Engaging with the text

Reading and working with The Color Purple

What kind of novel is it?

The Color Purple tells not only a story about oppression, injustice, bigotry and discrimination, but also one of courage, determination, self-empowerment and resilience. Walker’s novel examines:

  • The experiences of African-American women at the hands of husbands, lovers (male and female)
  • Families, friends and acquaintances
  • What happens to women who either assert their independence or submit passively to cruelty and abuse
  • White domination and bigotry
  • The consequences of both active and passive resistance to white oppression and exploitation.

Become accustomed to the language

The novel was written in an epistolary form, as a series of letters from the principal character, Celie, first addressed to God, then later to her sister Nettie, who writes a series of letters to Celie, describing her own experiences as a missionary in Africa:

  • Celie’s letters are written in vernacular African-American English, sometimes also called ‘black folk idiom’. Poor grammar and spelling demonstrate that Celie is uneducated, but the form also gives a strong sense of intimacy as the narrative, especially when read aloud, replicates the rhythms of natural speech and gives a strong energy to Celie’s story
  • At the beginning of the novel, Celie’s letters recount incidents briefly and sparsely, using short paragraphs, which adds a sense of immediacy to the narrative. As the story develops and Celie becomes more empowered, her letters become longer and more detailed, but the sense of her narrative as a ‘stream of consciousness’ is never lost
  • Nettie’s correspondence, in contrast, is almost the polar opposite of Celie’s, featuring carefully composed, functional pieces of writing that reflect the style and tone of the classroom and Nettie’s role as teacher and missionary.

Put yourself into the novel

  • Try to imagine what it might be like to be totally powerless, with no right whatsoever to speak out against injustice
  • Imagine how an independent woman like Sofia must have felt when she was patronised by the Mayor’s wife. What would you have said? How would you have reacted?
  • Think about Shug Avery and how she must have felt on tour, not being able to walk into a white hotel but having to drive for miles until there was a place for black people to eat or use the bathroom
  • How would you feel if you had to wear the same clothes for weeks on end? How would you feel if your parents threw you out of the house because they thought you were evil? Would your mouth be packed with ‘claws’?
  • Imagine how satisfying it must have been when Fonso employed a white man to work for him in the store. If you were Fonso, what would you have thought? What might you have said to him?

Reading and notes

  • Set aside time for reading: identify blocks of time when you can read without interruption
  • Make notes as you read: this is the best way of keeping your reading alert and active – note down such things as the relationships between people, perhaps in a diagram form, and the locations of various parts of the story.

Get to know the text

  • Read The Color Purple several times: this is essential if you are to develop a well-informed response to the novel
  • Follow up advice on reading given by your teacher or in study guides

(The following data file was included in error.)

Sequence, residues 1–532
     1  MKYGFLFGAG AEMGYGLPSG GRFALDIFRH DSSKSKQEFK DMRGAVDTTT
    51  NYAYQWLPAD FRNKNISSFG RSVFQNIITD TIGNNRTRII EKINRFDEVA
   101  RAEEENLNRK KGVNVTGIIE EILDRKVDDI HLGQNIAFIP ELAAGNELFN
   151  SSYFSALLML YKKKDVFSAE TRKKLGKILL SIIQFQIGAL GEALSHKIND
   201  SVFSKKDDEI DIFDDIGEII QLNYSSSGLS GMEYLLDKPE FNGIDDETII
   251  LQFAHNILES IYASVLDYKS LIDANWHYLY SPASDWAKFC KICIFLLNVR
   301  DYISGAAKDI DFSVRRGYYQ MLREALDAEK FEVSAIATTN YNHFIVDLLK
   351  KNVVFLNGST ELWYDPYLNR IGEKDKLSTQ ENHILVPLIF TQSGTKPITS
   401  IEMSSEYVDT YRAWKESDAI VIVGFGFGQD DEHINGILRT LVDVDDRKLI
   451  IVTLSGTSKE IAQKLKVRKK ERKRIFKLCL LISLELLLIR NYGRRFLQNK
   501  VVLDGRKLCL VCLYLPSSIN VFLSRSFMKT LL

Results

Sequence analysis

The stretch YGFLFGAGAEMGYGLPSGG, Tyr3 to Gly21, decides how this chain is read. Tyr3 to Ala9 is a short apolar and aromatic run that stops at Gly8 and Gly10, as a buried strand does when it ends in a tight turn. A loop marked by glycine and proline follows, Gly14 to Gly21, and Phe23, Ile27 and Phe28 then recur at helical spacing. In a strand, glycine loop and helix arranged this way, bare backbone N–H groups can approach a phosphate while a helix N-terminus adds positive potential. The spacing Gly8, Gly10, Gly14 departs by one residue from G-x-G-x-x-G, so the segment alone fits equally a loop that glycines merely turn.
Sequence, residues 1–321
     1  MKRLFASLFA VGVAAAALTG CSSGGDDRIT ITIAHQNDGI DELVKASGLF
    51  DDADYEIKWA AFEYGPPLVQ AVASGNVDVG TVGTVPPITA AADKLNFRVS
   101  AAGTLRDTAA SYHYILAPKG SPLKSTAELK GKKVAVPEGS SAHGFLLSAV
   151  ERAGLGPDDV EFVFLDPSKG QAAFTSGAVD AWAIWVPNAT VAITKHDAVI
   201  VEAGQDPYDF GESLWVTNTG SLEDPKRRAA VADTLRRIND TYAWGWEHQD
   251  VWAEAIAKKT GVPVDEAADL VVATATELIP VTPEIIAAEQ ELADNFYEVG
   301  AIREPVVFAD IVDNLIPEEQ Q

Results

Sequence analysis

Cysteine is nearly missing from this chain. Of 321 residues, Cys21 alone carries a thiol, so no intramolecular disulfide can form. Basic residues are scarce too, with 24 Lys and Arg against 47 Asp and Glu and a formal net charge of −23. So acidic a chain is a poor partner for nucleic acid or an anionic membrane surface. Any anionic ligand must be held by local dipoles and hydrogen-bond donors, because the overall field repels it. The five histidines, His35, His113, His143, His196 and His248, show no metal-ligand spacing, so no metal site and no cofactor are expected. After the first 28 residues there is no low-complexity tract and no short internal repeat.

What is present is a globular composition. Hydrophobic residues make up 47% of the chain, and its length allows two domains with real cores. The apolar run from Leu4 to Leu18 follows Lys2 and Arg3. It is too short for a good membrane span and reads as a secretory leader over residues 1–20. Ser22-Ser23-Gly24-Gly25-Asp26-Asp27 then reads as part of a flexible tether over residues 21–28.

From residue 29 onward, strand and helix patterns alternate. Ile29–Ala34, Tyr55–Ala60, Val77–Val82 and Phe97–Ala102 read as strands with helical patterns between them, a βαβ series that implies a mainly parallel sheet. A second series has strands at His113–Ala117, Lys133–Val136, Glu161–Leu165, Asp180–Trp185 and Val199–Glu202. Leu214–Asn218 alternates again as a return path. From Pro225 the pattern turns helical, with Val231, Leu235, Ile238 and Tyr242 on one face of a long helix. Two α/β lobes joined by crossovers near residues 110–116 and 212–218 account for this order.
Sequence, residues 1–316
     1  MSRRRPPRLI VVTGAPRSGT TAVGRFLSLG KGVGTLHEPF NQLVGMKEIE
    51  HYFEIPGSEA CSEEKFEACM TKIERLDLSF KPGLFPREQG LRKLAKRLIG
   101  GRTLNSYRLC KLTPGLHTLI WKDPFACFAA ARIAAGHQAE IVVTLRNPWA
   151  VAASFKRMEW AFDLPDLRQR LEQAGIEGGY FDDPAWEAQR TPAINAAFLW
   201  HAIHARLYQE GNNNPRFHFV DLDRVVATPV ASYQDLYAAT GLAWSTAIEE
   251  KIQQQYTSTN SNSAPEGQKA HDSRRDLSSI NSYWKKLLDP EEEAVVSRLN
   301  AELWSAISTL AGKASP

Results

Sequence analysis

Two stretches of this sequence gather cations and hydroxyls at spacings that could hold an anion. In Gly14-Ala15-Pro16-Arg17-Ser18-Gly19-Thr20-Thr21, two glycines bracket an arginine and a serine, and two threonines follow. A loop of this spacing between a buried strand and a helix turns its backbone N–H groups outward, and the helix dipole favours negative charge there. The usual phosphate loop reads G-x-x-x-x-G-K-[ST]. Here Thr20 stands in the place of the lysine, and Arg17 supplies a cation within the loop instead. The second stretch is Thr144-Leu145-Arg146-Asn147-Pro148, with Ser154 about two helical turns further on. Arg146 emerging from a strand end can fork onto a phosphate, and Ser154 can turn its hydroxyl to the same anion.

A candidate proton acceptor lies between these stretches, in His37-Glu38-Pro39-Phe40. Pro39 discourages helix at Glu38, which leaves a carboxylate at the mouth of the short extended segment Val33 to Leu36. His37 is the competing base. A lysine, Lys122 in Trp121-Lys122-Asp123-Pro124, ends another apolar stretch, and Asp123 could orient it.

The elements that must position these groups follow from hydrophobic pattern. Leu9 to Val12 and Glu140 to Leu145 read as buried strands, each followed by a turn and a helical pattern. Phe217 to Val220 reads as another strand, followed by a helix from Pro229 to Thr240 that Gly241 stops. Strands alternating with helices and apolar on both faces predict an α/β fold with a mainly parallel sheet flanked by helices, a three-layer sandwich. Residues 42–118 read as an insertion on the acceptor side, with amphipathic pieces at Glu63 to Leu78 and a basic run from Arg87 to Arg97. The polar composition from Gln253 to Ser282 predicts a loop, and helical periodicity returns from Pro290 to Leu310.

• BUT don’t rely on plot summaries:
    • They tell you nothing about language and style
    • They don’t identify themes and motifs in the text
    • However detailed, they are intended as reminders, not substitutes.

Read the text in different ways. Once you have a firm grasp of the overall narrative, you may wish to:

  • Re-read a particular section, such as the visit that Celie and Shug make to Fonso (Pa) at Easter time (Letter 69)
  • Concentrate on a theme or motif, such as the use of natural imagery of flowers, blossom and birds, all of which symbolise new life and regeneration
  • Trace the development of a character or a relationship between characters. 

Pa, for example, is portrayed from the outset of the narrative as an abusive monster who uses women for sexual gratification, and seems to have no sense of right or wrong. His marriage to a young girl shortly after his wife’s death and Celie’s pregnancies could indicate that Pa, like many other African-American males at that time, had little regard for women other than as domestic chattels. You might want to research this topic further and think about Pa’s relationship with Albert and his behaviour after Celie and Nettie leave the family home. An interesting exercice might be to think about what being someone’s ‘people’ really signifies throughout the novel.

Know the complete text

This requires a separate section because examiners often report that students know the start of a play or novel well, but not the end. Classroom study often emphasises the beginning of a book or play, where the author introduces characters, themes and imagery, and is then less detailed about the remainder of the text. So:

  • Do not ignore the impact of significant scenes or episodes in the later chapters of The Color Purple
  • Remember that themes, motifs and images may be developed and modified as the book goes on
  • Remember that characters change and develop and that the reader’s attitude towards them may also change.

Keep a record of your reading

  • Make notes under headings, with page references to particularly useful passages
  • For major topics, you may find it helpful to have separate pages: one for Celie, say, or for womanism, or for ideas about oppression. However:
    • Don’t let your notes become too separate and take care to comment on links and relationships
    • Use specimen essay questions to give you ideas for headings for your notes.
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